The Thief of Bagdad (1940)


By Scott Ross

Alexander Korda’s monumental Arabian Nights fantasy is one of the most enchanting movies ever made, and as the “little thief” Apu, the young Indian actor Sabu epitomizes the sunny exuberance of every small child in the audience. (He was a boy when they started filming, in the late ’30s, and a young man by the time they finished. When you’re older you may notice how stunningly beautiful he is; those thighs are a work of art in themselves.)

The color cinematography is ravishing, the sets mouth-watering, and the movie contains the first — and in some ways, finest — of Miklós Rózsa’s important film scores; the great Conrad Veidt as a villain so archetypal that the folks at Disney “borrowed” him for Aladdin; Rex Ingram is a deliciously devious djinn who utters what may be the most stirring movie cry of the pre-Civil Rights era (“Free! Freeeeee!”); and John Justin and June Perez are a dream-team of thoroughly embraceable lovers.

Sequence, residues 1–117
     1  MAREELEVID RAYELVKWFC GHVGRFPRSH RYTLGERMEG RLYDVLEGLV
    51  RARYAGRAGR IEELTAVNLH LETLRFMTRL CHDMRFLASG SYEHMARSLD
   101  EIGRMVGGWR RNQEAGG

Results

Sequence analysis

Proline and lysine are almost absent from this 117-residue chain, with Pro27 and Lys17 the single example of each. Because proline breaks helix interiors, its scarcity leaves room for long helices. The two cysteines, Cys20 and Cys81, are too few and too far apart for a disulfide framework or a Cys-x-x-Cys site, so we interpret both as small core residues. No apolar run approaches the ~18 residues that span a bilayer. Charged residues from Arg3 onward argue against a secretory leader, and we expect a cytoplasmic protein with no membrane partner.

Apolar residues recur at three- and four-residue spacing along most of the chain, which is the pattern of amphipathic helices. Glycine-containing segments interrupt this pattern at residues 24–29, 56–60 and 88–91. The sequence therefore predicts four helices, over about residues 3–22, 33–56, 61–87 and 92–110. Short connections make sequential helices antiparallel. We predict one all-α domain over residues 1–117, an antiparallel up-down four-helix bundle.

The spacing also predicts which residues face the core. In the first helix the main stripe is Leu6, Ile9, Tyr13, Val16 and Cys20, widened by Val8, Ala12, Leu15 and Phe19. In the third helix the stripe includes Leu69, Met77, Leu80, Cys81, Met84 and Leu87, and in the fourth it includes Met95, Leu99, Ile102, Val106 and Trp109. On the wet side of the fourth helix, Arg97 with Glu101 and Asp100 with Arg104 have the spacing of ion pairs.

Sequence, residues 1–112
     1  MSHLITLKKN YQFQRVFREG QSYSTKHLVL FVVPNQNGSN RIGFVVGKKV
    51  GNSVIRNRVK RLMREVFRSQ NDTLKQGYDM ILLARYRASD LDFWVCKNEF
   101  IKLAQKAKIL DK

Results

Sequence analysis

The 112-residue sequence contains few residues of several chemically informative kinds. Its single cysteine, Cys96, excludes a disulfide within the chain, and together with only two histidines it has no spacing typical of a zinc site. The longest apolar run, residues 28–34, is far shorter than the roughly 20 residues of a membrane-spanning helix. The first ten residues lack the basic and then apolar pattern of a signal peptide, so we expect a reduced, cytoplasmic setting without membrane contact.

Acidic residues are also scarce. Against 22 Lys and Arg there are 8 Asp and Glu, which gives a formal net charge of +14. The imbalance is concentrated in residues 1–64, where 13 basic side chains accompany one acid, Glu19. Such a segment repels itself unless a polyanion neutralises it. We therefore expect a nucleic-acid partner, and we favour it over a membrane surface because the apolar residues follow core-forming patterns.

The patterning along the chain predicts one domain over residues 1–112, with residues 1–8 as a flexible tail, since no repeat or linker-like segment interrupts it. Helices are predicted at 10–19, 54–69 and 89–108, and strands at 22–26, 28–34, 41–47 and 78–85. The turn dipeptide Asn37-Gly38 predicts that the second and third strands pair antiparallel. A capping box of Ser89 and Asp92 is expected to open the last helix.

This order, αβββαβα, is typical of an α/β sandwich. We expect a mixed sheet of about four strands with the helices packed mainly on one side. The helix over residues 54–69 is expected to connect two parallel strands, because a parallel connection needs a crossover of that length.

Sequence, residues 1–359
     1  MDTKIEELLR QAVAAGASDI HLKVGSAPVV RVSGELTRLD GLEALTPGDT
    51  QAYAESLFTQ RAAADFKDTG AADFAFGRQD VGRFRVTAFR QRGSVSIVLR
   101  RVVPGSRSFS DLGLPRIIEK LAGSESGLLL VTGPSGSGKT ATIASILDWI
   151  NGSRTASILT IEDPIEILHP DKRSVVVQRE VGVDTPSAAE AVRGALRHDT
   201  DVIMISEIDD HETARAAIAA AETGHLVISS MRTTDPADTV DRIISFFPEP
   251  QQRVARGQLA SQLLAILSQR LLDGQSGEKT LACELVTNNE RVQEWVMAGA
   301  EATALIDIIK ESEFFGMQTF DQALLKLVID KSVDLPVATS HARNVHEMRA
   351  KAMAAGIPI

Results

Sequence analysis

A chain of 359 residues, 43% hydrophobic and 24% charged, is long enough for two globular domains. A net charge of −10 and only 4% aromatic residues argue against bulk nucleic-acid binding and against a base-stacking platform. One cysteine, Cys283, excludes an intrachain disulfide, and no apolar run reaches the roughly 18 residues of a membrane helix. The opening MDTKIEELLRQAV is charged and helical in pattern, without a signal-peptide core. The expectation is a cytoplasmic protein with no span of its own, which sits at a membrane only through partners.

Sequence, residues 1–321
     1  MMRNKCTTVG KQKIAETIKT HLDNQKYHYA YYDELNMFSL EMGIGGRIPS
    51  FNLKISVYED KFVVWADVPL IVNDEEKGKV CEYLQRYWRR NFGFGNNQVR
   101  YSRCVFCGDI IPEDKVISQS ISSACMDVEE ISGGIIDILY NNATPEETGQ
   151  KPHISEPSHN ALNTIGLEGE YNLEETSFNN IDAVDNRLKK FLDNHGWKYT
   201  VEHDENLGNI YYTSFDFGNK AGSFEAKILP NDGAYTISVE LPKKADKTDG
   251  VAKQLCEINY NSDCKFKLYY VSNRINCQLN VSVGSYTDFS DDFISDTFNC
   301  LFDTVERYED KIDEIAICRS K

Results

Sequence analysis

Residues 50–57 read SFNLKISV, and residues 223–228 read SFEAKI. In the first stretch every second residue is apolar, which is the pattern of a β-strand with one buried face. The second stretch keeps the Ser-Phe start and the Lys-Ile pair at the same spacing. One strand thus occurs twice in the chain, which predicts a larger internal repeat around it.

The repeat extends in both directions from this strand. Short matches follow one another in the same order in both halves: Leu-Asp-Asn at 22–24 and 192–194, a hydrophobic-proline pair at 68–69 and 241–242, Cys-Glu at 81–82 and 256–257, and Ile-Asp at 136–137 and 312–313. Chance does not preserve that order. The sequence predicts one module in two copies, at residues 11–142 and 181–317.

That charming rotter Miles Malleson — who also worked on the screenplay — is the emotionally retarded rajah with a yen for exotic toys. The picture brims with wonders: Flying carpets, wise old Muslims, an ancient and supernally gentle spirit, a terrifying battle with a giant spider, and a Persian market so cunningly recreated you can almost smell the honey Sabu slathers on his pancake.

If I ever become so jaded I don’t find tears in my eyes at the mischievous smile on the ancient face of the old mountain spirit as he discreetly observes Sabu’s heartfelt disobeyance, I’ll know I’ve lived too long.

(And no, that’s not a misspelling in the title.)

Text copyright 2013 by Scott Ross


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